- Random House, which in the past has at least experimented with nonDRMed books, and which is encouraging authors of audio books to drop DRM.
- Wiley, which publishes books in a number of areas, including the technical one, O’Reilly’s specialty. It, too, has experimented with DRM-free books. Laudably this house has even tried social DRM, which isn’t "protection" in the traditional sense. Rather books come with users’ names embedded, as a way to discourage sharing. This doesn’t interfere with long-term ownership of books.
- Richard Nash of Soft Skull Press, who, through Wowio, let his titles appear without DRM (yes, Wowio itself deserves praising for relying on a form of social DRM rather than traditional DRM). Soft Skull will be releasing a number of e-books on its own for the iPhone and, I suspect, other formats. And my bet is that Richard will avoid DRM.
- Smashwords (Mark’s company), Book Glutton and other new outlets for independent authors—which aren’t hobbling themselves with any DRM.
- Marc Prud’hommeaux and Neelan Choksi at Lexcycle, who, while offering DRM to publisher as an option, have strongly spoken out against its use.
- Jon Noring. Early on, as a small publisher, Jon discovered that "protection" harmed e-books. His tiny Blue Grass Publishing avoids DRM entirely.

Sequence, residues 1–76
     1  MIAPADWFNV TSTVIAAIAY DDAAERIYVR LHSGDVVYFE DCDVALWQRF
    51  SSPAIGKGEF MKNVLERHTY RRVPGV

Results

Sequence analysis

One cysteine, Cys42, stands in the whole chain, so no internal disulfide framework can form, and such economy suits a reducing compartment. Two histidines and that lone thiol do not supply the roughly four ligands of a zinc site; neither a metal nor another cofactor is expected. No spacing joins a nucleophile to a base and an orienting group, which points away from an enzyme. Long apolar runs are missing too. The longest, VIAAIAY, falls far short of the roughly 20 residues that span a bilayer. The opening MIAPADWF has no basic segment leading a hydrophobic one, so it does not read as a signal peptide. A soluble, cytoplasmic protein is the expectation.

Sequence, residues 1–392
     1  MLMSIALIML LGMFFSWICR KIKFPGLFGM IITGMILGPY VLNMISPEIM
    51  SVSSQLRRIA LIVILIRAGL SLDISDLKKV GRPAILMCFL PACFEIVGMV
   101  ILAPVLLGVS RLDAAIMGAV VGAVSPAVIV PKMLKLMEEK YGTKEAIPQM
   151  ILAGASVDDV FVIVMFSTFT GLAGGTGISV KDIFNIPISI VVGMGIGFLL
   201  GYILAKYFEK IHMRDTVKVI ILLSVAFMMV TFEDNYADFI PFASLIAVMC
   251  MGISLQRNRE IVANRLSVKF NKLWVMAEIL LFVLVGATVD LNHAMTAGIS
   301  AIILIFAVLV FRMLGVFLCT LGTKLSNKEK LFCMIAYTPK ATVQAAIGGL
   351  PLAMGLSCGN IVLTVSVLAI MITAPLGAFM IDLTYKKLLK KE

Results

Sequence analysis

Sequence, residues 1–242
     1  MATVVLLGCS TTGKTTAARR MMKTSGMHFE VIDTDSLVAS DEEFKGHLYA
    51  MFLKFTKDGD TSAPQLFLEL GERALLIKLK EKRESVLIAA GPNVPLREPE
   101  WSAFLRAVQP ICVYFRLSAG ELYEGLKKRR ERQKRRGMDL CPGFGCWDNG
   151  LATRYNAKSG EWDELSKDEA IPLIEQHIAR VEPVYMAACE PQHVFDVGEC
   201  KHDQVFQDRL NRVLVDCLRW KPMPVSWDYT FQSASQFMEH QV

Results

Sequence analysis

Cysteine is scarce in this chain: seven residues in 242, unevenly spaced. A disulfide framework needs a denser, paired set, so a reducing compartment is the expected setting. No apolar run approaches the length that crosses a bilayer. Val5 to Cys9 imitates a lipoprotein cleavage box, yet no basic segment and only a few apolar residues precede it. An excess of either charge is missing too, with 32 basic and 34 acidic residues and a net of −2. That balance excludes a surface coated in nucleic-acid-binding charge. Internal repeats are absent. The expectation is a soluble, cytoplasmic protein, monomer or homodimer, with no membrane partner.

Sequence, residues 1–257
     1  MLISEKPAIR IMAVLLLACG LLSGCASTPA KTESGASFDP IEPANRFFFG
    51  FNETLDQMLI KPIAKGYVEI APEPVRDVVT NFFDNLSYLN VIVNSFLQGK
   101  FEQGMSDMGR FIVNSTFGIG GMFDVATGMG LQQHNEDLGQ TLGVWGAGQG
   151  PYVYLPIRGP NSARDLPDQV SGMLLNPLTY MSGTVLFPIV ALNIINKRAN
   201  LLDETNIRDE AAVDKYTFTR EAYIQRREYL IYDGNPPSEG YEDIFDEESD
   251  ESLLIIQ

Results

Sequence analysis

- Cory Doctorow. He’s consistently slammed DRM in his blog and lobbied against it among fellow writers.
- Jeff Gomez, now at Penguin, who, during his names as an Internet marketer for Macmillian, wrote Print Is Dead—where he took some swipes at DRM even though I’m sure that many of his publishing colleagues didn’t especially cotton to this criticism. Let’s hope that Macmillan and Penguin will both pay attention to Jeff’s warning that DRM detracts from price leverage (even though I don’t think that people want to may $20 for e-books, "protected" or not).
- Hadrien Gardeur at Feedbooks, a mostly public domain site, which in the future will be getting into commercial books and doing its best to avoid DRM.
- Techmeme, which, like TeleRead, has regularly published examples of DRM as an anti-consumer technology. So has MobileRead. Keep it up!
In responding, please list or link to the Web addresses of the people involved, and in the cases of stores and publishers, tell how far along they are in dropping DRM. Realistically publishers can’t always wean themselves away from DRM
overnight—given their existing commitments.
Update, noon EST: Yes, it would be nice to have mentioned Baen—which for years has been clueful about DRM and hates it with a passion, just as my own publisher does. Check out the late Jim Baen’s record. As noted, however, I didn’t claim to be mentioning everyone. I want people to help me fill in the gaps. I’m sure there are players missing as important as Baen. Help Mark and me out!
Detail: Yes, as the author of this post, I hereby declare myself ineligible for mention.Google+